“To explore strange new worlds, to seek out new life and civilizations, to boldly go where no man has gone before.” Thanks to the power of “Star Trek,” this quote is still used today as a beacon of hope for the future. We don’t know everything that’s out there among the stars, so we must explore and take chances in order to get the answers. During one of these adventurous travels, would the human race, as a whole, work its hardest to bring back a traveler that’s been left behind?

In the near future, manned missions to Mars will be as common as the Apollo missions once were. One night, the crew of Ares III [Jessica Chastain, Kate Mara, Michael Pena, Aksel Hennie and Sebastian Stan] has to abort the mission due to an severe oncoming storm.

During the evacuation, Astronaut Mark Watney [Matt Damon] is presumed dead; that is, until he wakes up the next morning nearly buried in the sandy terrain of Mars. With a limited amount of supplies on the base, Mark must do his best to contact NASA in the hopes of getting home. Can Mark Watney survive until NASA can arrive, or will it be too late?

Last week, I was disappointed at how uninspired “Everest” was at barely crafting a survival story for the big screen.

Thanks to director Ridley Scott, “The Martian” satisfied that need and then some.

This is what I’m talking about; although based on a novel, the adaptation somehow manages to feel fresh and new up on the silver screen.

Backed by a star-studded cast, Matt Damon essentially carries his portions of the film by himself, and he knocks it out of the park.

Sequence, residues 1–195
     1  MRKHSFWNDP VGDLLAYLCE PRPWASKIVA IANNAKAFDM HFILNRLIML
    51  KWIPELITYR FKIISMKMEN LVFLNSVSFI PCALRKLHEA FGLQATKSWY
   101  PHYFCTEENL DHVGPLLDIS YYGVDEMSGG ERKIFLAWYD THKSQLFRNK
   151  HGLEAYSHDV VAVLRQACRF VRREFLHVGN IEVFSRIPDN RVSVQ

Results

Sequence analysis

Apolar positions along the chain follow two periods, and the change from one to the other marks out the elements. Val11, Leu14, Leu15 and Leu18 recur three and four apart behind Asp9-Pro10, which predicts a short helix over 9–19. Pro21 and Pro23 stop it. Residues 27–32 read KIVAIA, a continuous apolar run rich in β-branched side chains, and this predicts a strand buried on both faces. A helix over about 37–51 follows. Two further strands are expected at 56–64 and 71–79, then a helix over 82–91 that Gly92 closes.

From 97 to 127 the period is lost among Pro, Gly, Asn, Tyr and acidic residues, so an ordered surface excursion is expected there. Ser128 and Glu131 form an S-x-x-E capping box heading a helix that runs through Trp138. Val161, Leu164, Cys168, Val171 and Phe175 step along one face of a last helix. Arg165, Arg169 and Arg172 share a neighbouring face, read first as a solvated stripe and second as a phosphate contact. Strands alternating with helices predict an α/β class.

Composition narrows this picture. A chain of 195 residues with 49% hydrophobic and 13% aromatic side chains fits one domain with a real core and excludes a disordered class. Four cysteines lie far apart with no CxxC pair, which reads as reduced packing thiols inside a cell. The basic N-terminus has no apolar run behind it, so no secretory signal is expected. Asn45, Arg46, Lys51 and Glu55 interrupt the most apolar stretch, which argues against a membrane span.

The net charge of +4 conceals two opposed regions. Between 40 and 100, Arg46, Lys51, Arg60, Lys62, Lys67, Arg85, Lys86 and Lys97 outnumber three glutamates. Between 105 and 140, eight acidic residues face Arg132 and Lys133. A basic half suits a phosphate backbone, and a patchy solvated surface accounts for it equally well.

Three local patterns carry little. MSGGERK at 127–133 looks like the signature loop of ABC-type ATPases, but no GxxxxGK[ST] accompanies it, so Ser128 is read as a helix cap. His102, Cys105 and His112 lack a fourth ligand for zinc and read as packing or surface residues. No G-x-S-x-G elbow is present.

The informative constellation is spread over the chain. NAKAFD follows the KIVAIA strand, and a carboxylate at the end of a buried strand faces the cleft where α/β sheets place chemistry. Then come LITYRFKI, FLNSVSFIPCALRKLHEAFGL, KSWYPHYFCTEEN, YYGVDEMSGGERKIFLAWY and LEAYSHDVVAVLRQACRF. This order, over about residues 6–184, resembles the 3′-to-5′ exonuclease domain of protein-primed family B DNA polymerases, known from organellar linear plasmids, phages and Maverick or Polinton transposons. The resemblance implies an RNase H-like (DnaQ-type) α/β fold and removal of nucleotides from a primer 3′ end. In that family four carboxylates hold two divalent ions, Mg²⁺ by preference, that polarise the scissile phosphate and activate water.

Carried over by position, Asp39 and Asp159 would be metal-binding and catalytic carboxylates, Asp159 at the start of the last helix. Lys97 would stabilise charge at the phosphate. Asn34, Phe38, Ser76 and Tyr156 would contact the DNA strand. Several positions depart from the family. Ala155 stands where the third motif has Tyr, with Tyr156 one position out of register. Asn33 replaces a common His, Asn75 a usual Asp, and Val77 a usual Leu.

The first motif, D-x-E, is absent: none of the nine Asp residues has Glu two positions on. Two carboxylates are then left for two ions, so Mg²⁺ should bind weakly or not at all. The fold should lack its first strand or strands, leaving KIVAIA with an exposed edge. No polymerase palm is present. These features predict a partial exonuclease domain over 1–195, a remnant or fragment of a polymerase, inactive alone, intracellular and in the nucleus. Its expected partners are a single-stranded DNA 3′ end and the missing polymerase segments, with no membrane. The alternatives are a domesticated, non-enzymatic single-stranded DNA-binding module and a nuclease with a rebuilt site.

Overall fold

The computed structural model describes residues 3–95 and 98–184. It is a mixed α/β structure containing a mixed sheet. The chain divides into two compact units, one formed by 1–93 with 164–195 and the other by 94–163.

Where most film survivalists will sit around and do nothing for the first act, this protagonist cuts the crap and gets right down to business, using his ingenuity as a botanist to keep himself fed and alive.

Not only is this character resourceful, but he has an amazing sense of humor.

When something goes wrong, Watney immediately deflates the situation by cracking jokes, and good ones at that. The other cast members do so as well, as humor is one of the best ways to stay positive and relieve the tension of their situation.

Though this lone astronaut has to survive on his own limited terms, he never loses hope; nobody on Earth loses hope.

The rescue attempt builds a sense of teamwork that involves not only the United States, but the entire globe.

Cassie Baron/ Equinox Staff

Cassie Baron/ Equinox Staff

“The Martian” is a truly diverse film in the vein of uniting everybody as one in the ongoing struggle to bring one of our own kind back home.

While Matt Damon is fumbling around on the red planet, Chiwetel Ejiofor, Jeff Daniels, Kristen Wiig, Donald Glover, Sean Bean, Mackenzie Davis and Benedict Wong are looking up from Earth. Most of the characters complete an arc that defines their actions and makes them feel real. Same goes for Jessica Chastain, Michael Pena, Sebastian Stan, Kate Mara and Aksel Hennie who are currently in orbit and planning a mutiny against NASA to save the fallen comrade that they left behind.

With a cast this diverse and a story this harrowing, it’s easy at times to forget that this is a fictional narrative.

The breathtaking cinematography and dazzling visual effects strands the audience on Mars and there’s never one single moment where it feels fake and lifeless.

It’s difficult to say more without ruining what happens, so I’ll leave you with this one last tidbit.

If 70s disco is your jam, this might become one of your favorite soundtracks as it is beautifully interwoven with the whimsical score by Harry-Gregson Williams.

“The Martian” is an absolute delight that should be seen in theaters with a crowd as it unites all of us in spirit, watching a man making the best of a bad situation, doing his best to stay alive, even if that means cracking a few jokes along the way.

Rating: A-

Matt Bilodeau can be contacted at mbilodeau@kscequinox.com

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